Audacious, the fourth of seven Astute-class attack submarines being built for the Royal Navy was launched today at Barrow-in-Furness.
The 97-metre long, 7,400 tonne nuclear-powered submarine emerged from the Devonshire Dock Hall yesterday. Today it was lowered into the dock water for the first time to begin the next phase of its test and commissioning programme ahead of leaving Barrow for sea trials next year.`
Assistant Chief of Naval Staff Submarines Rear Admiral John Weale said: "It’s an exciting moment to see HMS Audacious enter the water for the first time ahead of trials. Such a feat of engineering is testament to the skills of the BAE Systems workforce in Barrow. As part of an increasingly capable Royal Navy, HMS Audacious will go on to serve on operations right around the world, helping keep Britain safe."
Armed with Spearfish torpedoes and Tomahawk land attack missiles, the Astute-class submarines are the most highly-capable submarines ever built for the Royal Navy.
They can strike at targets up to 1,000km from the coast with pinpoint accuracy, are equipped with a world-leading sonar capability and powered by a nuclear reactor.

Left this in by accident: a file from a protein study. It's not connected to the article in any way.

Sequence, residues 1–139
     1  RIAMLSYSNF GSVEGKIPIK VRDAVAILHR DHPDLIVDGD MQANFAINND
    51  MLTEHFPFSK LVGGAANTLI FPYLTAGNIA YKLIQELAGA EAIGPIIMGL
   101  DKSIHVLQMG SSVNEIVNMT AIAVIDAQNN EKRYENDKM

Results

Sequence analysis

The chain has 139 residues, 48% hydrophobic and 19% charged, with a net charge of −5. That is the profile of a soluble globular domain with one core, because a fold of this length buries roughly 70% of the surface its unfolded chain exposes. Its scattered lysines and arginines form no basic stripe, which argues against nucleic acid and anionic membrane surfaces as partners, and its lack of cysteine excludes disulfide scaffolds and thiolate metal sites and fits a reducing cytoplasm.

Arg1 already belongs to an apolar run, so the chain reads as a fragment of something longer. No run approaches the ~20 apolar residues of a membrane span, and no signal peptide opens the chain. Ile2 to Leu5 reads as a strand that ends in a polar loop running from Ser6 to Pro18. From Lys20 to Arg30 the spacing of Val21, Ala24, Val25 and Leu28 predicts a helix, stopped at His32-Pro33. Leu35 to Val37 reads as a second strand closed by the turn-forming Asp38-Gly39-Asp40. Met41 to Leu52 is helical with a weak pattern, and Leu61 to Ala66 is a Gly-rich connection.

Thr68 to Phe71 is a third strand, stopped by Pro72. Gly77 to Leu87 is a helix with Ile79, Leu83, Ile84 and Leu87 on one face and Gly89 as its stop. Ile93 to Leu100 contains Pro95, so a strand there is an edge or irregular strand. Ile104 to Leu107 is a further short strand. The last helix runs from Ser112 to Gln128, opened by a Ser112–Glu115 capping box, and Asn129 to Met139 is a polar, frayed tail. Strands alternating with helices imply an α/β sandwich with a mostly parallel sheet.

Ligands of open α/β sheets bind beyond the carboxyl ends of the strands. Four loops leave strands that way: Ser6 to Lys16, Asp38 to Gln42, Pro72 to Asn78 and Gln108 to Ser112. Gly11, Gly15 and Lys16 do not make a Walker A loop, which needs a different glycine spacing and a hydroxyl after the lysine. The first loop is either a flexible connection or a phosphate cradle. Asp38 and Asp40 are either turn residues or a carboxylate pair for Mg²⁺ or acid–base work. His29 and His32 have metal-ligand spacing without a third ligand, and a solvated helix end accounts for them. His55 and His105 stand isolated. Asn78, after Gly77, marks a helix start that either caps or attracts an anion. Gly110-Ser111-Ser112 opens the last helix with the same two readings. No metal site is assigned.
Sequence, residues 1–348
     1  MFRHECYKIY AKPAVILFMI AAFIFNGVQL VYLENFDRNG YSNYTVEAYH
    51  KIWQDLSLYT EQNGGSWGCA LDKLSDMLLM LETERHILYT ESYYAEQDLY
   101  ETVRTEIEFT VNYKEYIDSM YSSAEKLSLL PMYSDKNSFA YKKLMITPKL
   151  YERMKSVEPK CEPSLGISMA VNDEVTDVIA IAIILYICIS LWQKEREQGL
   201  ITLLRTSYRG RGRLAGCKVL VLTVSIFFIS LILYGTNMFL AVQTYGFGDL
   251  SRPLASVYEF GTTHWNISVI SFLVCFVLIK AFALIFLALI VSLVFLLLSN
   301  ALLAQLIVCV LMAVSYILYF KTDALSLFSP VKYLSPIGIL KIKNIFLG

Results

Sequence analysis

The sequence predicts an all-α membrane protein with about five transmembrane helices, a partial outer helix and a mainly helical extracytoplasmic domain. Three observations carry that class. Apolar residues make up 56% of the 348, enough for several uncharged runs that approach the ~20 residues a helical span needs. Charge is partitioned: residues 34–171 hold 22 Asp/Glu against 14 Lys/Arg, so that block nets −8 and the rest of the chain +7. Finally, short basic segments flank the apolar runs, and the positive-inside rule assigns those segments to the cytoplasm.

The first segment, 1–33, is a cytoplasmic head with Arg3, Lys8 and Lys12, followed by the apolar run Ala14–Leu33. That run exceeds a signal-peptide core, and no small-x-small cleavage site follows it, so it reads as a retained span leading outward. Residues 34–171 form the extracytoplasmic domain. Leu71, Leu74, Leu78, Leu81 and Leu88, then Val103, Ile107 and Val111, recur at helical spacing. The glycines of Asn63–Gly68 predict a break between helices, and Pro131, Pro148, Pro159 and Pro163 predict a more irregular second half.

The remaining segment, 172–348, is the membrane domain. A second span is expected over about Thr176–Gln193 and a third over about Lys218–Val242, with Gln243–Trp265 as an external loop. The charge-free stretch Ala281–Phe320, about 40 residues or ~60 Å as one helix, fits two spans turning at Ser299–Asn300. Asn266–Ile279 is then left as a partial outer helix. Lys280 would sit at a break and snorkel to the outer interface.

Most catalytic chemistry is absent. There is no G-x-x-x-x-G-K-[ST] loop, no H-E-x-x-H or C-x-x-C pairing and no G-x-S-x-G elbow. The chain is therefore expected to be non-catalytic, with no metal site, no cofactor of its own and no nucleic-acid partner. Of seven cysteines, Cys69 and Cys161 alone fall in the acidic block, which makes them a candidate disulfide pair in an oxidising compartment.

The first three submarines in the class, HMS Astute, HMS Ambush and HMS Artful, are now in service while the final three Astute-class submarines are at various stages of construction at the Barrow site.
BAE Systems is the prime contractor in the Astute programme and the industrial lead for the Dreadnought programme, which is responsible for delivering the Royal Navy's next generation of nuclear deterrent submarines. Construction of the first of four submarines, named Dreadnought, began last year.
This article appears courtesy of Royal Navy News and may be found in its original form here.
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